The writing temperament of Ludwig von Mises was precise, formal, and brilliant. Especially concerning economic theory, all the steps of logic are there. He seeks to create structures of thought the way masons make buildings. Every point extends from somewhere and leads to somewhere. It is sometimes passionate and fiery but only once that display of emotion has been justified by the argumentation.
It must have been amazing to be there. Sometimes, however, you wish that Mises would pull back and relax just a bit, speak more informally, ruminate based on his encyclopedic knowledge. It is not always necessary to construct arguments for the ages. Sometimes we just want insight, tidbits, opinions and judgements, hints for further research, literature references, and so on.
This would be gold coming from the master!
Well, it did happen. The year was 1951. Leonard Read, the founder of the Foundation for Economic Education, opened the lecture hall to Mises, whose masterwork Human Action had been published two years earlier. You could say that he was at the height of his power, except that Mises always seemed to be at the height of his powers.
These lectures were taken down word for word using shorthand by Bettina Bien-Greaves (it’s a skill that is largely lost). It must have been amazing to be there. The notes she took were not published during Mises’s life. It was Herculean effort to port them from scribbles to text and put the book in print. This happened in 2004. The result is The Free Market and Its Enemies.
The book was published by FEE, but oddly garnered very little attention. Most Misesians don’t even know that this book exists.
Re-reading this book over the last year, I’ve been absolutely astonished by the insights. They appear every few pages. Many points are here that you do not find in his writings, simply because the setting in which he spoke was more casual so that he was able to explore a greater range of his thought.
I’m deeply grateful for so much of this book, but I want to mention one insight in particular that rocked my world so hard that I’m still drawing on it. He is discussing the reaction to the discovery of economics and the freeing of society from authoritarian control. He notes that the first reaction came from the nobles, elites, and ruling classes who resented the rise of the middle class.
Then he plunges straight into the influence of Georg F. Hegel. Mises tosses off an insight that shakes up everything. Here is the mic-drop moment:
Georg Wilhelm Friedrich Hegel, the famous German philosopher, gave rise to two schools —the “left” Hegelians and the “right” Hegelians. Karl Marx was the most important of the “left” Hegelians. The Nazis came from the “right” Hegelians.
I’ve never seen it put so plainly. In my own education, I was highly educated on the left branch but not the right branch. Over the last two years, coinciding with the rise of a quasi-Nazi movement in Europe and the US, right-Hegelianism has been resurgent. It should be called the other threat to liberty. In other essays, Mises goes into further detail.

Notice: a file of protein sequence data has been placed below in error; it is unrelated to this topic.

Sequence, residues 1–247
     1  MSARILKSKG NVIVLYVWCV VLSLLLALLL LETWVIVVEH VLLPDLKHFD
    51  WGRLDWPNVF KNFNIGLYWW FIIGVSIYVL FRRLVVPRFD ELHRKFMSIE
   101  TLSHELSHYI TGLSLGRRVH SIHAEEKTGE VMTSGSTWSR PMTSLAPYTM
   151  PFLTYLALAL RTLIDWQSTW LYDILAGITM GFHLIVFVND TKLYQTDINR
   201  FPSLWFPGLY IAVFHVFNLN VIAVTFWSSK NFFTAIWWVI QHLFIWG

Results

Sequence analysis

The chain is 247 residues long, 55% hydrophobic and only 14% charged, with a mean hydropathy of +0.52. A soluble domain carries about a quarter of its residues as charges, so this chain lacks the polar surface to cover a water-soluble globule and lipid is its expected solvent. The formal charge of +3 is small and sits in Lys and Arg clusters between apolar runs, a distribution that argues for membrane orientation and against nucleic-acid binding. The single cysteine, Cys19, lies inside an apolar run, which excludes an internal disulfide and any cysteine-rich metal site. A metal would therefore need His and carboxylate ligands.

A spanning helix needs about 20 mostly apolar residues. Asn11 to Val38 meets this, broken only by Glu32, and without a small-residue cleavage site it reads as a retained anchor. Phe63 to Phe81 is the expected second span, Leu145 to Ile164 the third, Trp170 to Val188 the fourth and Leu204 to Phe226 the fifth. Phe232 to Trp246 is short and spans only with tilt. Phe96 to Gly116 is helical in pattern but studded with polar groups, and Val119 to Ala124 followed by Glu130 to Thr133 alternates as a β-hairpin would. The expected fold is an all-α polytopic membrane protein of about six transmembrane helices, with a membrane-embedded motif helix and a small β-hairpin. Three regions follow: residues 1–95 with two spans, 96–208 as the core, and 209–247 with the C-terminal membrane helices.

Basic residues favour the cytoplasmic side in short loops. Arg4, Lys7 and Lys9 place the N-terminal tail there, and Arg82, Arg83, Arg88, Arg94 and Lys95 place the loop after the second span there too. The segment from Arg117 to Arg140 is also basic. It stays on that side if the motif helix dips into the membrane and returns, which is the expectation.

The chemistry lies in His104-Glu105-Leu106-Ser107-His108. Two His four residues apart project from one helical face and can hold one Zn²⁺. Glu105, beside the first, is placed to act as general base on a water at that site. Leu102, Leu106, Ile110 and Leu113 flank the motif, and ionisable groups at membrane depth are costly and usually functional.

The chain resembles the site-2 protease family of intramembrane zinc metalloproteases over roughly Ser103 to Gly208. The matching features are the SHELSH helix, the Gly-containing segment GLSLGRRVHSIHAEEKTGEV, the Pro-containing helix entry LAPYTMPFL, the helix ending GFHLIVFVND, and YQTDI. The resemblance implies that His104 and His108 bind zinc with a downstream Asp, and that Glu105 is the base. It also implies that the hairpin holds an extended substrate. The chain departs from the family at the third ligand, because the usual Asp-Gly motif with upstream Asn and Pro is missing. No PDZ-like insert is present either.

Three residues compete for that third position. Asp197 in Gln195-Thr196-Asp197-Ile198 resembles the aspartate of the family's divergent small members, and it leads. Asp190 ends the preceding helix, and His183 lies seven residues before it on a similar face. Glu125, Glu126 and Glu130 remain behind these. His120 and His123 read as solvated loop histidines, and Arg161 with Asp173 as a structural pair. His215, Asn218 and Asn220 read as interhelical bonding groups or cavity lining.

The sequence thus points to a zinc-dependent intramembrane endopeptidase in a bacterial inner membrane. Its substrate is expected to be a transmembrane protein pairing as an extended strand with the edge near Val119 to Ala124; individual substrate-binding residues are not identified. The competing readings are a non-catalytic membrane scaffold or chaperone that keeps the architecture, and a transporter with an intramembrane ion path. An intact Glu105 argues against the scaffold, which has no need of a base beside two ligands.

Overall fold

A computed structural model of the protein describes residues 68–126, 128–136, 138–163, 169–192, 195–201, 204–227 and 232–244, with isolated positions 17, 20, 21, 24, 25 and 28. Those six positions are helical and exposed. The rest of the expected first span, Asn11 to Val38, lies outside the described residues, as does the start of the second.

In brief, Hegel’s view of history as having some acting purpose aside from individual human beings bled into an attack on the idea of economics and free markets. Hegel became the most important antiliberal until that moment of time.
Mises points out that Hegel’s following split into right and left. The right believed that history was driving toward a culminating moment in which all final authority on earth was embodied by the Prussian state and church. The left believed that the culminating moment was more universal and was characterized by the birth of a new man who would live completely differently from anyone else in history. The right Hegelians became the fascists and corporate/theocratic/conservatives, while the left Hegelians followed socialism straight to Marx and beyond.
Isn’t it remarkable how Mises just keeps on giving? Using that model of understanding, you can literally reconstruct the whole of the intellectual history of politics and society from the early 19th century to the present day. It is rich and pregnant with massive implications for our own time. And, so far as I know, this is the only place he states this observation with such clarity of exposition – again, owing to the informal structure of the venue.
And this is only just a few paragraphs! The entire selection of lectures is this way, insight after insight. There is so much here that not even Misesian scholars have begun to consider the implications of the thoughts in this book.
Isn’t it remarkable how Mises just keeps on giving? In this case, we owe a tremendous debt to Leonard Read, FEE, Bettina Greaves, and all those who put in the hard work to take these lectures out of a moment in history and replant them in our time, so that we can read and learn.
And now with a Portuguese translation, for which I’m honored to write the foreword, Brazilians too can learn from the master even though he long ago passed from this earth. Such is the nature of ideas. Their power doesn’t diminish with the passage of time, and neither does the mastery and brilliance of the great man whose words are herein recorded.